Is your mobile effort working for you?
Is your effort to reach customers and supporters effective with the mobile tools you use? Have you even realized, yet, you need to be gearing your digital marketing efforts toward mobile devices?
So, what’s a marketeer to do? Quick answer: mobile. Longer answer: mobile. And the final answer is…yep…mobile.
Put simply, if you’re not gearing your digital marketing effort toward mobile devices your customers and supporters are literally walking and driving away from you.
Just over a month ago the overlord and ruler of all internet searches, Google, made it abundantly clear: to be found in search you need to be found by consumers using mobile devices:
“To make our results more useful, we’ve begun experiments to make our index mobile-first. Although our search index will continue to be a single index of websites and apps, our algorithms will eventually primarily use the mobile version of a site’s content to rank pages from that site, to understand structured data, and to show snippets from those pages in our results.”
What this means – in case you don’t speak digitalese, the language of Silicon Valley – your digital efforts should be easily seen, read and navigated on mobile devices. If it’s not you will never be found in the all important search queries made by the millions of internet users who now simply ask a question of the smartphone.
The phrase most often used is, “mobile friendly.” At the very least your website should be mobile-friendly. More than that, however, your website should be useful on mobile devices: quick, easy, responsive.
In its most recent research, used as a predictor for 2017 GlobalWebIndex suggested “we’ll soon be in the position where more than 50% of online adults say that mobiles are their most important connected device. Even over the last year alone, mobiles have seen a 10-point jump on this metric, while laptops and desktops have both experienced small declines.”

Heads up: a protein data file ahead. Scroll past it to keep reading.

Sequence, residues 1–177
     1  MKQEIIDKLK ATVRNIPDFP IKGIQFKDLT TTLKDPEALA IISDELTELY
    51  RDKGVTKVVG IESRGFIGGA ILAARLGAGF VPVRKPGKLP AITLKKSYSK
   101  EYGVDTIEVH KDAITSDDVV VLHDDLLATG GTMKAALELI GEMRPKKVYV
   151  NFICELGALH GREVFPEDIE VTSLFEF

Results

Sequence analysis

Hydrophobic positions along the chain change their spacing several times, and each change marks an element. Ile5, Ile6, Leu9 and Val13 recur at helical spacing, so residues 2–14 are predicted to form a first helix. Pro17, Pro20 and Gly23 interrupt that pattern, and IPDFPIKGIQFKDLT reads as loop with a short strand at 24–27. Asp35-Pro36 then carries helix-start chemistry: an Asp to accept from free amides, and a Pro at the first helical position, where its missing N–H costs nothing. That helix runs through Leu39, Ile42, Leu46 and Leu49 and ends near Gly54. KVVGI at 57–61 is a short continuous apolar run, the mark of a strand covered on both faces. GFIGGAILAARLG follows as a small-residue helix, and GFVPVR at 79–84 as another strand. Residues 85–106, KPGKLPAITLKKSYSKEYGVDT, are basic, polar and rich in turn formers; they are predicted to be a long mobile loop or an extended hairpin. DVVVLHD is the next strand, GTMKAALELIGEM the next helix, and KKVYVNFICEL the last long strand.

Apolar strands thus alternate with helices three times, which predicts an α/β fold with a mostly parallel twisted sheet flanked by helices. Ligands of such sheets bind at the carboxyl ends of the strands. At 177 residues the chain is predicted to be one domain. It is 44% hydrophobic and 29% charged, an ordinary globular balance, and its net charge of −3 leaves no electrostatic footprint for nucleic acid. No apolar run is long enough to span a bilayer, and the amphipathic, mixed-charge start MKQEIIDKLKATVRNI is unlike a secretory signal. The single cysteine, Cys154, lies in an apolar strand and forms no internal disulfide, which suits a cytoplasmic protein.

Google’s own research and analytics – the most comprehensive in the world for better or worse – suggests nearly all of us are already on our smartphones all day long.
“When a question or need arises, our phones are far and away our most trusted resource, with 96% of people using a smartphone to get things done,” pointed out Google back in September.
Mobile website or app?
Oh my, which should I choose? A useful mobile website or an app? Or both?
The definitive answer is: well, it depends.
Google’s most recent research suggests consumers prefer a mobile website for finding things to do or places to eat or drink locally or while traveling, ordering food online, organizing travel, reading or watching news coverage and shopping and finding deals or discounts.
Consumers prefer apps for playing games, navigating while on the go, listening to music, checking the weather, managing finances, reading books or magazines, checking on sports, organizing and sharing photos, communicating with friends, watching videos and, of course, keeping track and logging exercise and physical activity.
“Friends and family are the top way people find out about new apps, but they are less influential when it comes time to install,” says Google. “At that moment, price is the most important factor, followed by privacy and security. In fact, half of smartphone users have never paid for an app.”
And apps have to be easy to use, easily navigated, if consumers are going to keep using them. Nor can they take up too much memory in one’s phone.
“Taking up too much phone memory is the #1 app-related issue that leads consumers to uninstall an app,” Google points out. “However, most people will give your app another shot if changes are made.”
A mobile website, on the other hand, has to load quickly, also be easily navigated (fewer clicks the better) and be responsive to all the variety of mobile devices.
Google’s AMP project is addressing the many parameters needed for an effective mobile website.
The basic idea behind AMP, an open-source project, is to build web pages which load quickly on mobile devices, where most of us are searching out content these days. Speed – quickly loading web pages – is essential to the mobile environment, especially for digital marketeers who want to gain, not lose, audience.
And beyond the basic question of mobile site or app, digital marketing is all about communication and engaging with customers and supporters. That’s where the social networks come into play.
Some of the most effective social networks – Instagram, for example, or maybe even (for you) Snapchat – are basically mobile applications and must be included in any effective mobile outreach.